Featured Research

from universities, journals, and other organizations

Plants Text Message Farmers When Thirsty

Date:
May 5, 2008
Source:
US Department of Agriculture
Summary:
Beginning this crop season, farmers will be able to receive text messages on their cell phones from their plants saying whether they are thirsty or not. Accent Engineering, Inc., of Lubbock, Tex., developed the SmartCropTM automated drought monitoring system based on a patent held by the Agricultural Research Service. They are offering it for sale in time for this growing season.

An automated infrared sensor system tells farmers when plants are thirsty or hotter than their ideal growing temperature and need cooling off with irrigation water.
Credit: Photo courtesy of SmartCrop.

Beginning this crop season, farmers will be able to receive text messages on their cell phones from their plants saying whether they are thirsty or not.

Accent Engineering, Inc., of Lubbock, Tex., developed the SmartCropTM automated drought monitoring system based on a patent held by the Agricultural Research Service (ARS). They are offering it for sale in time for this growing season.

Battery-operated infrared thermometers placed in irrigated fields monitor leaf temperatures and relay that information to a computerized base station. A cell phone modem can be hooked up to the base station to download data to a personal computer. This modem can also send text messages to a farmer's cell phone.

ARS plant physiologist James Mahan at the ARS Plant Stress and Germplasm Development Research Unit in Lubbock is one of the original theorists of the idea behind SmartCropTM. Each plant species has a fairly narrow range of internal temperatures it prefers for best growth. When leaf temperature goes above the upper limit or threshold of that range for too long, the plant needs water, as much for cooling down as to quench its thirst.

In the Texas High Plains area, for example, Mahan found that cotton begins to suffer from drought if cotton plant leaves stay above 82 degrees Fahrenheit for more than 6-1/2 hours. Farmers can choose the time-temperature threshold at which they would like to receive an alert, and adjust it at any time.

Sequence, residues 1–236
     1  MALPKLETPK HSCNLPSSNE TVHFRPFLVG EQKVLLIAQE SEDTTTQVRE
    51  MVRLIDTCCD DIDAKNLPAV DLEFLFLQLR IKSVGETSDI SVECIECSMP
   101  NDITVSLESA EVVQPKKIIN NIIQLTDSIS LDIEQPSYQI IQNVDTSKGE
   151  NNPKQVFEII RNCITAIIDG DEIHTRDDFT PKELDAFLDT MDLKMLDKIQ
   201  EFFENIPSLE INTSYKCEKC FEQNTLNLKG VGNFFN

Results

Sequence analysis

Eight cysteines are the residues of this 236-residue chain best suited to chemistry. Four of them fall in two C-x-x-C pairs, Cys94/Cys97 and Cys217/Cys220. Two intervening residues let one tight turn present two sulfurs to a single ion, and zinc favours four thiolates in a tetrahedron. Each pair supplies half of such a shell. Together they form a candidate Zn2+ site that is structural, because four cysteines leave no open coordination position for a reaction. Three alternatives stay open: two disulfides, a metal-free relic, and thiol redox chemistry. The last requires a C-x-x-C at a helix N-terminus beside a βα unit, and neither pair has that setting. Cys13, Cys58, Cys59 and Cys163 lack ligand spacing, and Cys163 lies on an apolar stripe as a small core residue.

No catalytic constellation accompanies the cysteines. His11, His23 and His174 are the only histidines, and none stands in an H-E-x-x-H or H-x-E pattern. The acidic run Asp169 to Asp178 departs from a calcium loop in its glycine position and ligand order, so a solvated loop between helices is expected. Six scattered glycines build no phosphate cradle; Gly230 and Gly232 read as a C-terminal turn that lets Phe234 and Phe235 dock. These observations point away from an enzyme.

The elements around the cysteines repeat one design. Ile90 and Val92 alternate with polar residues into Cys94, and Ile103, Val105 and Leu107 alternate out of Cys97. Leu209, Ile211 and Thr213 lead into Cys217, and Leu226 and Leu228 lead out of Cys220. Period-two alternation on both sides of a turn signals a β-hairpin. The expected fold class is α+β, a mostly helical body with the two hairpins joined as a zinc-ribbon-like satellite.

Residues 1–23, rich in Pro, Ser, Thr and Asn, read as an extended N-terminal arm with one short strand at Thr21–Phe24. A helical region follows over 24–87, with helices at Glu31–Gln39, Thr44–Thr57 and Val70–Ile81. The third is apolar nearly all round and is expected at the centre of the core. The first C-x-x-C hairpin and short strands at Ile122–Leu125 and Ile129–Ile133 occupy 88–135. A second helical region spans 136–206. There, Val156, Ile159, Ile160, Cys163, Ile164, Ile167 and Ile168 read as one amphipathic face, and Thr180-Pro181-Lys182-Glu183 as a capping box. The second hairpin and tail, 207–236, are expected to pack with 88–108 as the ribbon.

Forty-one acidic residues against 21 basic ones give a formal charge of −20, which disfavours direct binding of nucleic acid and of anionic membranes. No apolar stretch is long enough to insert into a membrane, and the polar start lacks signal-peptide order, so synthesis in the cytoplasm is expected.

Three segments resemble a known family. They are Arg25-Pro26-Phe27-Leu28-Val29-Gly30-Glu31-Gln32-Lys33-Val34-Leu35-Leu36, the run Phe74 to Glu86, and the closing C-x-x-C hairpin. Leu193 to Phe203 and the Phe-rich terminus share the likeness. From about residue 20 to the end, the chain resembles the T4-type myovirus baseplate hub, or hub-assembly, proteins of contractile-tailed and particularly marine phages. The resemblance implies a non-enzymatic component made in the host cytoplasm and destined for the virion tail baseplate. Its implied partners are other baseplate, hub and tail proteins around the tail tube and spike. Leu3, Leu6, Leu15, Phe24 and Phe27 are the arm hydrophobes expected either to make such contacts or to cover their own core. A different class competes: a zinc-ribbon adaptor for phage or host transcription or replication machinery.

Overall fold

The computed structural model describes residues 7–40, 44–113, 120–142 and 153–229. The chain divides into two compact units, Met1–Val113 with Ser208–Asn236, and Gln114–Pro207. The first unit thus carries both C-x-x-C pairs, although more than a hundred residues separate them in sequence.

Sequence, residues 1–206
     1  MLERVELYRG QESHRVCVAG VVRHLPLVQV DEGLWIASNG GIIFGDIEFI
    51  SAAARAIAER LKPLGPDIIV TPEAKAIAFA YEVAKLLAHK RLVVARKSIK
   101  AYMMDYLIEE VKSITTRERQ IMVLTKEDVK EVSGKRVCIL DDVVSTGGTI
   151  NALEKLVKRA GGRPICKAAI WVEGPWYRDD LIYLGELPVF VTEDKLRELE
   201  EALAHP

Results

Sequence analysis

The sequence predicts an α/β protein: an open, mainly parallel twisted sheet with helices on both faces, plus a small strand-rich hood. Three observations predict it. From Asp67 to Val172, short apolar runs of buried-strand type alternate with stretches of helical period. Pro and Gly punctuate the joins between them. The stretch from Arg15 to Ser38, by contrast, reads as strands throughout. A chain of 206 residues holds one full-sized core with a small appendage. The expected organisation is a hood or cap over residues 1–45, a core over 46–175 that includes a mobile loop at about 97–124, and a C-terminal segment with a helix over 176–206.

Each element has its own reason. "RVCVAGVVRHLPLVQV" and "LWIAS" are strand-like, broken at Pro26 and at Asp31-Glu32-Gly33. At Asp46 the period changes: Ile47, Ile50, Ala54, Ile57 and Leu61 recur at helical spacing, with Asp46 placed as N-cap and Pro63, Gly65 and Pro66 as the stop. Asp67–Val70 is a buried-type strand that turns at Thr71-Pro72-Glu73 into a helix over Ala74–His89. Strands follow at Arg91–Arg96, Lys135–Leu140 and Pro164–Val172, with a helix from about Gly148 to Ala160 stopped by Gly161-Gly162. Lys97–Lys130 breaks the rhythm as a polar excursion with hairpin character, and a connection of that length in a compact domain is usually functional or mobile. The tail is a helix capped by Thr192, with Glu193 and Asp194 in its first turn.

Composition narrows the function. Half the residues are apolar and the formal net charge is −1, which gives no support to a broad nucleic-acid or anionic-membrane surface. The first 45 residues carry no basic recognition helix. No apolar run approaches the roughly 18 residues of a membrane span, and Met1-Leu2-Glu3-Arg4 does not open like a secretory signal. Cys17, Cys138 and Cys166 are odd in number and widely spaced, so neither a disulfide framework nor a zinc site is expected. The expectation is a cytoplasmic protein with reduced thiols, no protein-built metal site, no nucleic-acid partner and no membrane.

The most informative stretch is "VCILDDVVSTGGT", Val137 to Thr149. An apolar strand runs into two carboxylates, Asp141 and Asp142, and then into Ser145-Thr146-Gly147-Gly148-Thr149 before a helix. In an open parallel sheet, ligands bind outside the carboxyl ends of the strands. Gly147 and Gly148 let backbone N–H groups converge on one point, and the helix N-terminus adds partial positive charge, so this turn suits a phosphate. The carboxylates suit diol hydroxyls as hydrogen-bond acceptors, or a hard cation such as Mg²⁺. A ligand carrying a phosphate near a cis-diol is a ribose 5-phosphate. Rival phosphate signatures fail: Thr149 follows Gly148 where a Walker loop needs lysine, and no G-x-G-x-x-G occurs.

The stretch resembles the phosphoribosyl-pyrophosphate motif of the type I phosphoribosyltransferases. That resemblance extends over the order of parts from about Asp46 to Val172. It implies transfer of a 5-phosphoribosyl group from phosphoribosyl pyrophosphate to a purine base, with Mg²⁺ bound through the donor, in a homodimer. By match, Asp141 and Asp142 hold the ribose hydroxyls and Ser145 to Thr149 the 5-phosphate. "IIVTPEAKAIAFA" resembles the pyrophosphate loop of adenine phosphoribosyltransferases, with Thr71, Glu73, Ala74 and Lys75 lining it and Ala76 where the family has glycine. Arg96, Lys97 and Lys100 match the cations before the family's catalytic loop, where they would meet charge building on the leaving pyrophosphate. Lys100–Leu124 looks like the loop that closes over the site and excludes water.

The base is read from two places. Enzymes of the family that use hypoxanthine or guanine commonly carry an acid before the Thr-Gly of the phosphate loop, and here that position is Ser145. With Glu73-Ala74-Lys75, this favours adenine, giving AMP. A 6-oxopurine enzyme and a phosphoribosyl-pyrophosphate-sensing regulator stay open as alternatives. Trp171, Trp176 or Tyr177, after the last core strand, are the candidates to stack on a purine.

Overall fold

Story Source:

The above story is based on materials provided by US Department of Agriculture. Note: Materials may be edited for content and length.


Cite This Page:

US Department of Agriculture. "Plants Text Message Farmers When Thirsty." ScienceDaily. ScienceDaily, 5 May 2008. <www.sciencedaily.com/releases/2008/05/080502171010.htm>.
US Department of Agriculture. (2008, May 5). Plants Text Message Farmers When Thirsty. ScienceDaily. Retrieved August 20, 2014 from www.sciencedaily.com/releases/2008/05/080502171010.htm
US Department of Agriculture. "Plants Text Message Farmers When Thirsty." ScienceDaily. www.sciencedaily.com/releases/2008/05/080502171010.htm (accessed August 20, 2014).

Share This




More Plants & Animals News

Wednesday, August 20, 2014

Featured Research

from universities, journals, and other organizations


Featured Videos

from AP, Reuters, AFP, and other news services

Awesome New Camouflage Sheet Was Inspired By Octopus Skin

Awesome New Camouflage Sheet Was Inspired By Octopus Skin

Newsy (Aug. 19, 2014) Scientists have developed a new device that mimics the way octopuses blend in with their surroundings to hide from dangerous predators. Video provided by Newsy
Powered by NewsLook.com
Disquieting Times for Malaysia's 'fish Listeners'

Disquieting Times for Malaysia's 'fish Listeners'

AFP (Aug. 19, 2014) Malaysia's last "fish listeners" -- practitioners of a dying local art of listening underwater to locate their quarry -- try to keep the ancient technique alive in the face of industrial trawling and the depletion of stocks. Duration: 02:29 Video provided by AFP
Powered by NewsLook.com
USDA Cracks Down On Imports From Foreign Puppy Mills

USDA Cracks Down On Imports From Foreign Puppy Mills

Newsy (Aug. 18, 2014) New USDA measures to regulate dog imports aim to crack down on buying dogs from overseas puppy mills. Video provided by Newsy
Powered by NewsLook.com
Bone Marrow Drug Regrows Hair In Some Alopecia Patients

Bone Marrow Drug Regrows Hair In Some Alopecia Patients

Newsy (Aug. 18, 2014) Researchers performed an experiment using an FDA-approved drug known as ruxolitinib. They found it to be successful in the majority of patients. Video provided by Newsy
Powered by NewsLook.com

Search ScienceDaily

Number of stories in archives: 140,361

Find with keyword(s):
Enter a keyword or phrase to search ScienceDaily for related topics and research stories.

Save/Print:
Share:

Breaking News:
from the past week

In Other News

... from NewsDaily.com

Science News

Health News

Environment News

Technology News



Save/Print:
Share:

Free Subscriptions


Get the latest science news with ScienceDaily's free email newsletters, updated daily and weekly. Or view hourly updated newsfeeds in your RSS reader:

Get Social & Mobile


Keep up to date with the latest news from ScienceDaily via social networks and mobile apps:

Have Feedback?


Tell us what you think of ScienceDaily -- we welcome both positive and negative comments. Have any problems using the site? Questions?
Mobile: iPhone Android Web
Follow: Facebook Twitter Google+
Subscribe: RSS Feeds Email Newsletters
Latest Headlines Health & Medicine Mind & Brain Space & Time Matter & Energy Computers & Math Plants & Animals Earth & Climate Fossils & Ruins